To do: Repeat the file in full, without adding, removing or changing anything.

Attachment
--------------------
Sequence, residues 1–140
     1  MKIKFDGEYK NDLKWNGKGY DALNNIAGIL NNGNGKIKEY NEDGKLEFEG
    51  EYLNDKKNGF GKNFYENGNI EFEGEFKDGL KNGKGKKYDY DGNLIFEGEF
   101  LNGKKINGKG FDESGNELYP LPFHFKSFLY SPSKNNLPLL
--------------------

Sequence, residues 1–140
     1  MKIKFDGEYK NDLKWNGKGY DALNNIAGIL NNGNGKIKEY NEDGKLEFEG
    51  EYLNDKKNGF GKNFYENGNI EFEGEFKDGL KNGKGKKYDY DGNLIFEGEF
   101  LNGKKINGKG FDESGNELYP LPFHFKSFLY SPSKNNLPLL